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Queen Christina of Sweden is a dominant European ruler in the 17th century, and has never thought of romance. However, she accidentally and secretly falls in love with an emissary from Spain, even though a marriage between the two seems out of the question.Written by
For the famous closing shot of Greta Garbo at the prow of the ship, director Rouben Mamoulian had wanted the camera to begin with a long shot, and then, in one unbroken take, gradually dolly in on a two-thirds close-up of Garbo's face, holding on her at the end of the shot. Unfortunately, with the camera's 48mm lens that close to the human face, pores tend to resemble craters on the surface of the moon. Borrowing on aspects of the magic lantern, Mamoulian devised a large, ruler-shaped, glass filter strip that was clear at one end, becoming increasingly more diffused along its length. With this glass filter mounted in front of the lens, as the camera moved in on Garbo, the glass strip was gradually drawn through the filter holder, beginning with the clear end, and ending with the diffused end (close-up), softening Garbo's facial features with more flattering results See more »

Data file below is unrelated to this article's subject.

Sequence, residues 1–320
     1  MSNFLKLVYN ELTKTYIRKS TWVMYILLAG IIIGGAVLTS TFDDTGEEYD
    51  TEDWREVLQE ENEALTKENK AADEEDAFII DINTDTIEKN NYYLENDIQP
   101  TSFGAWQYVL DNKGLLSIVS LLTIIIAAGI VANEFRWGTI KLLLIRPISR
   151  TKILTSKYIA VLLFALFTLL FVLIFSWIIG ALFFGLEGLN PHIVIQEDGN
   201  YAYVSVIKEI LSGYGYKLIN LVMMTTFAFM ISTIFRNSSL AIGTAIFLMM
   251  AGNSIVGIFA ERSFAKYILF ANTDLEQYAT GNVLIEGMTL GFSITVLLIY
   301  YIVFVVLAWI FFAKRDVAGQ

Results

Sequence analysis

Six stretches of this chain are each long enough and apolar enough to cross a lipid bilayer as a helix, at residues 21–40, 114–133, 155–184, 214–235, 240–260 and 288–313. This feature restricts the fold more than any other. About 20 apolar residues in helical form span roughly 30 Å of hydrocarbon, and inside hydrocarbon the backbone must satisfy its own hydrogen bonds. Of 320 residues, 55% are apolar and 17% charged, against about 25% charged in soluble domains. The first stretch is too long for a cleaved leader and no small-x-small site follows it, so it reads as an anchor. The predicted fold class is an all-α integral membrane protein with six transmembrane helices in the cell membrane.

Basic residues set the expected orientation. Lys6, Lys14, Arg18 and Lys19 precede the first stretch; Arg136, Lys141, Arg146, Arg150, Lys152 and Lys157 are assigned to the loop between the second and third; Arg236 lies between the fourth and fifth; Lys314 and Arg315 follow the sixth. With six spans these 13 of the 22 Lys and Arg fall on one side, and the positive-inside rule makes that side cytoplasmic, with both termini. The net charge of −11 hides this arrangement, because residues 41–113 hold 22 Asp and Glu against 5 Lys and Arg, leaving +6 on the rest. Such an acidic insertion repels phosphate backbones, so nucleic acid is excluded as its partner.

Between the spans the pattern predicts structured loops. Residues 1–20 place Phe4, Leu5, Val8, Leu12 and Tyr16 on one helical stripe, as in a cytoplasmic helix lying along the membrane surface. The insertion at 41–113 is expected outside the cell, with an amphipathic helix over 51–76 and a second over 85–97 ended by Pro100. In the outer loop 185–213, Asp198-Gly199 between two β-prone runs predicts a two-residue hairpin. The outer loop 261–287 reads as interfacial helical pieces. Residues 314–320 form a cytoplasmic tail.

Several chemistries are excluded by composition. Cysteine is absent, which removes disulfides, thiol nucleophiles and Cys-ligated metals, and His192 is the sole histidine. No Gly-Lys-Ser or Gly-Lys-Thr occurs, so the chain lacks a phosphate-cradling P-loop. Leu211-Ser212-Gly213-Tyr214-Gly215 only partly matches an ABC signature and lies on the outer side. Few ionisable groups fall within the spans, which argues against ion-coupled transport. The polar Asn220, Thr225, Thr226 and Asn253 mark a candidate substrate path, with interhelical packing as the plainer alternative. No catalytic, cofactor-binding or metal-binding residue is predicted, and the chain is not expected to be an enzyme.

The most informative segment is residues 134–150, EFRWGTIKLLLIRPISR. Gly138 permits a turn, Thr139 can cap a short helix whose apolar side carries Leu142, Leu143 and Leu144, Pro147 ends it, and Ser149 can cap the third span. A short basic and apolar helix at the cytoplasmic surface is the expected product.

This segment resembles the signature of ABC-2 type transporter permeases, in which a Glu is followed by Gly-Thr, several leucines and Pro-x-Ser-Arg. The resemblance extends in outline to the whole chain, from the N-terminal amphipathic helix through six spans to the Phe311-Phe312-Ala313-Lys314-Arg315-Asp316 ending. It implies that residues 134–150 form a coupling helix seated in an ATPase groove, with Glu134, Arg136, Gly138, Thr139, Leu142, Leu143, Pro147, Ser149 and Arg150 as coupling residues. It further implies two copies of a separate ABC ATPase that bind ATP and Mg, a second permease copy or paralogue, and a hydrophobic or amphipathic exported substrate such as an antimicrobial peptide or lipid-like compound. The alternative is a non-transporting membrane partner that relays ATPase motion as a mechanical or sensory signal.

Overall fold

Numerous historical liberties were taken for dramatic effect, especially the romance between Christina and Antonio, which never happened. The real Antonio Pimentel brought his wife and children with him to Sweden from Spain after he was appointed ambassador. See more »
I'll tell you the truth. Well, gentlemen, I have the truth as the Queen has had 12 lovers this past year. A proud dozen!
Long live the Queen!
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I sometimes think that films should be ranked rather like golfers, with a seniors' section for the over 50s. It is often difficult for the inherent quality of a film to shine through the grainy black and white, crackly sound, stagey sets and ludicrous back-projections. One test of a classic film is: if you went and saw it at your local multiplex tonight, would you enjoy it. Maybe Casablanca, Double Indemnity, The Maltese Falcon...and, surprisingly, Queen Christina looking as modern and sexy today as when it was made in 1933. The main thing that makes it stand out from the crowd is its literate and thoughtful screenplay. The subject matter is new to most people who, like myself, have only the sketchiest of knowledge about 17th century Swedish history. Garbo is magnificent as an intelligent, liberated queen. She spends most of the film in men's clothes and thigh-length boots. I'm always rather incredulous of the Shakespearean convention where the heroine only has to put on a pair of trousers and everyone assumes she is a boy. Queen Christina delightfully pokes fun at this convention. Garbo, dressed as a boy, finds that she has to share the last room at the inn with John Gilbert, the Spanish envoy. In a scene that radiates sexiness, Garbo only has to take off her jacket for Gilbert to realise that she is all woman.
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